EXTRACTS FROM LETTERS.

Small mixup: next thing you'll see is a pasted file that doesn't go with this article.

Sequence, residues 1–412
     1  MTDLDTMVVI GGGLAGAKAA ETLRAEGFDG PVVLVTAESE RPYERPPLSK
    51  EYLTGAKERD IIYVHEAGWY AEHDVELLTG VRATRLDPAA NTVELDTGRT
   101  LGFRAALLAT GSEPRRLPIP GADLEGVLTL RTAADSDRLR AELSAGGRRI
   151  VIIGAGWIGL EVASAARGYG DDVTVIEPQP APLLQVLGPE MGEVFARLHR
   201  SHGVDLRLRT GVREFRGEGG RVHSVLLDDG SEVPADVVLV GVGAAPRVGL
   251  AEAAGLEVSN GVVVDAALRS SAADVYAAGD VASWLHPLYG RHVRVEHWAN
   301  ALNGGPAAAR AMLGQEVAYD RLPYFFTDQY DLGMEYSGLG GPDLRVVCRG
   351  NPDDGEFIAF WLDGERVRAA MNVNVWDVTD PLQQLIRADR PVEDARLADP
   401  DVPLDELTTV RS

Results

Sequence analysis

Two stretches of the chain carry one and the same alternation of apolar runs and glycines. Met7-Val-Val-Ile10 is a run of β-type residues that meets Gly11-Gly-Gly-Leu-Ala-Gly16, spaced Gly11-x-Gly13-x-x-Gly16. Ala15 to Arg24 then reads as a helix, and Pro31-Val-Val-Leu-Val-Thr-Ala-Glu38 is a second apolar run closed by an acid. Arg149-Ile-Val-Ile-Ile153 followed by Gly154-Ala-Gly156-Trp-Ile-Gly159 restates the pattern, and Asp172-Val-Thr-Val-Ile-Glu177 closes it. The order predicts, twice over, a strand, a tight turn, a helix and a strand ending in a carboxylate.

Pte. Ernie Nicholson writes from BBSTE., India Command "Just to let you know that the heat has not entirely sweated me away. In my last letter I said that I hoped to see Dick Blundell, but I have now moved a considerable distance from his place. The camp we are at has only just been opened, and so far there is not much to do for entertainment, but the cold showers are working which is very nice. The only topic of conversation out here since VJ Day has been `demobbing`." Corpl. Ken Nicholson, RM., writes from his ship HMS Colossus, "Since I wrote last much has happened in the world. We were at sea when VJ Day came, and our Captain spoke to us and said that for us there was to be no peace until each and every one of our chaps are safe and sound. We are now setting out to pick up as many of POW lads as we can get on board. The medical supplies and food we have packed on board will bring untold joy and relief to our POW lads. Remember me to all in the Forces, especially Dick Gabbott, the Rowland Bros, and the rest of my pals." Dvr. Billy Whittle writes from ACHEN, "Just arrived here and had one of my favourite meals - egg and chips. There were six of us posted here and when we arrived we had to go and see the O.C. and believe me, I nearly died of fright. To look at him he is one of those tough old veterans with quite a row of medals up. It remains to be seen how tough he really is. I don't know how long I shall be with this company. You know the Army yourself from experience - here today and gone tomorrow sort of style. The usual good wishes to all." Dvr. Bill Ellison writes `I am now in a different Company, my old one was broken up. It is quite a change coming from two-ton lorries to all the latest makes of cars. You will guess where I am - in Italy where Peace was signed. I had a nice run a few weeks ago, from Florence to Naples, stayed at Rome for a few hours and had a look round St. Peter's and the Vatican City. It is the second time I have been to Naples as I had my first view of it when I came to Italy from Africa. I have been to many nice places but there is not one as good as Tarleton. I am still playing football twice a week." L/Cpl. Harry Devitt writes from Ahmednagar, India Command, "I am glad to be able to tell you that I shall be on the first stage of my journey home on Re-patriation in just a few days. How long I shall have to wait at the Re-patriation Depot for a ship I have no idea. Looking back over the 3 1/2 out here seems a queer mixture of memories, few of them pleasant, I am afraid. I have been on four troopships, far from pleasure cruises. I have spent three months in one of the hottest places in India where the temperature averages 120 degrees in the shade and high up in the clouds in the Himalayas, where the air is so bracing that though one is completely exhausted in climbing a ridge, two minutes rest is quite sufficient for one to go on and on." Trooper Tom Rigby (Toll Bar), writes from SEAC "Life at this end is very quiet, not much to do these days which seems quite strange. Most of us are looking forward to being home by Christmas. I got 14 NLs altogether a short time ago, and had to knock off for two hours while I read them. Remember me to Walter Rawsthorne and all the boys and girls of Tarleton in and out of the Forces." L/Cpl. Kenneth Robshaw writes from India Command, "I am still stationed in the thick jungle, miles from everywhere, and with no good roads, under the heading 'Just a Memory', he sends these few lines 'I think of this the country, where we are sent to rot, and die, where the sun above shines down upon the plains below. Where the sweat pours off your body by day and by night, where insects bite, and crawl over the very food, and on the ground. The land where rain comes down for days on end, and causes floods and hunger in the land. India will always leave me with thoughts of sweat and toil, and times when water was so scarce to drink." LAC Freddy Coupe writes from Labrador, "Nothing exciting ever happens in these isolated wastes. Needless to say we did not get our two days VJ leave, but it didn't matter because there would not have been anything to do here in any case. I don't expect to get back home for at least twelve months and than I shall be ready for discharge."